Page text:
Librarians at Brigham Young University's Harold B. Lee Library are preparing to add to their already significant Jimmy Stewart collection.

The Stewart collection, housed in the library's special collections department on the fourth floor, includes 19 original 16mm prints of Stewart's films. Among the films that Stewart personally donated to the Lee Library in 1985 are "The Philadelphia Story," "It's a Wonderful Life" and "Rear Window."Stewart died Wednesday at age 89 at his Beverly Hills home from a blood clot in his lung.

Among the other items in the Stewart collection are letters, film scripts, phonographs of early radio programs, plaques, awards, scrapbooks Stewart compiled of his own life and two of Stewart's accordions. In all, the Stewart collection consists of eight boxes of material besides the films, said Scott Duvall, assistant university librarian for Special Collections.

"(The collection) is not fully processed yet, so it's not really open to the general public for use," Duvall said. "Our general policy is that collections are not used until they are fully processed."

Documenting all of the Stewart material in the collection has been on hold because curators expect to receive more items once Stewart died, Duvall said. Jim D'Arc, curator of arts and communication archives, will begin to negotiate with the actor's estate to bring more of Stewart's materials to the Lee Library.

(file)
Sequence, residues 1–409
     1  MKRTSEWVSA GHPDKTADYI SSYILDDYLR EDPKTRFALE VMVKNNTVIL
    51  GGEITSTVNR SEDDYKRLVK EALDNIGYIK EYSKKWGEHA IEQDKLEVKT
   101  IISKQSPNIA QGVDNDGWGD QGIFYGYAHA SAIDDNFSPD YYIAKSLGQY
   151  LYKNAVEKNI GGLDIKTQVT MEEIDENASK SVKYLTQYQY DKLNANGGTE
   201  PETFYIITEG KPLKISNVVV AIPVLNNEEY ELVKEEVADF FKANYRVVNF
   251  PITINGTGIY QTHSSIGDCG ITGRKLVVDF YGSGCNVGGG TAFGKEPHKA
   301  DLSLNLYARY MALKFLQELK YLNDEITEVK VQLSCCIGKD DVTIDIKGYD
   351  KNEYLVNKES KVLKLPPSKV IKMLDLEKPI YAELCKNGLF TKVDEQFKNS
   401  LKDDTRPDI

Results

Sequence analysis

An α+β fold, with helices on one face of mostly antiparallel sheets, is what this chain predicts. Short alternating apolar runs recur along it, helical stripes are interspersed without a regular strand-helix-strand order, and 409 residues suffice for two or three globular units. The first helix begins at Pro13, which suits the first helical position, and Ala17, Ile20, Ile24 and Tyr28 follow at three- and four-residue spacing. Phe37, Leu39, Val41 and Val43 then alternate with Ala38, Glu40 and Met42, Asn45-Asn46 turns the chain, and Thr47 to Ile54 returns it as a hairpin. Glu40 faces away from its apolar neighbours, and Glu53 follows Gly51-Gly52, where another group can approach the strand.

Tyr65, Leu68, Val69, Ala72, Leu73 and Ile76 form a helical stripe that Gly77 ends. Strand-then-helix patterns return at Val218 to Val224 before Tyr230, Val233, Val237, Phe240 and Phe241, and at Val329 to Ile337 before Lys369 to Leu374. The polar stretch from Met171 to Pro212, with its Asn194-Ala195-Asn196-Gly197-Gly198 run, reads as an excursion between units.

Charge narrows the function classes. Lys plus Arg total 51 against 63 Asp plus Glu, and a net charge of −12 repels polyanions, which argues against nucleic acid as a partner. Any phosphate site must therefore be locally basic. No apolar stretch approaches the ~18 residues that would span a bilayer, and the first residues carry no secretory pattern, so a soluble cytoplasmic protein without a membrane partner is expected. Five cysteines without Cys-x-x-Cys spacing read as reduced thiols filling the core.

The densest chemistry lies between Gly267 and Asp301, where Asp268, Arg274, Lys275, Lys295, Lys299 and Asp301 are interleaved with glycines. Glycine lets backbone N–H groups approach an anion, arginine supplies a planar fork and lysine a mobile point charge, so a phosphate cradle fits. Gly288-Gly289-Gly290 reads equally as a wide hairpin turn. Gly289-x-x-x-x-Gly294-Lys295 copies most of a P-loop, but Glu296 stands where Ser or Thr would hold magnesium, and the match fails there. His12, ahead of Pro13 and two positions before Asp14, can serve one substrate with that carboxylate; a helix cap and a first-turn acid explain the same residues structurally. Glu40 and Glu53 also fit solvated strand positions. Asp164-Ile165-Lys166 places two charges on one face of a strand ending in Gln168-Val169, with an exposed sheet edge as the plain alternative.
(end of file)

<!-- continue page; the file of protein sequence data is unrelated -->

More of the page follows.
It was D'Arc who, in the early 1980s, sent a letter to Stewart asking if the actor would be interested in housing film-related memorabilia at the Lee Library.

"Jim had already put together a good program here of preserving film manuscripts," Duvall said. "After that initial letter, (D'Arc and Stewart) met and developed a very close relationship."

D'Arc's contacts with Stewart led to a visit by the actor to Utah on Feb. 1, 1985. Stewart spoke at BYU's de Jong Concert Hall and was present for a special screening of "It's a Wonderful Life." BYU then staged a four-day Jimmy Stewart film festival.

BYU and Stewart were a good match. The All-American actor known for integrity was a great fit for the LDS Church-owned university. In fact, Duvall said, the library was particularly interested in procuring a Stewart collection specifically because of the actor's high morals.

"We go after those that would be compatible with the standards of BYU," Duvall said. "The epitome of motion picture actors is Jimmy Stewart."

Stewart was attracted by the fact that the Lee Library already housed a mammoth Cecil B. De Mille collection as well as other significant collections of film-related materials, Duvall said.

The library consistently gets requests from researchers - both local and national - to access the Stewart collection, Duvall said. The death of the well-liked actor will likely spur an increased interest in studying and writing about his life, he said.

Soon, researchers, students and others will be able to view Stewart's personal copies of movies in which he starred. Under construction in a new wing of the Lee Library is a 200-seat auditorium that will be equipped to show 16mm films such as those donated by Stewart.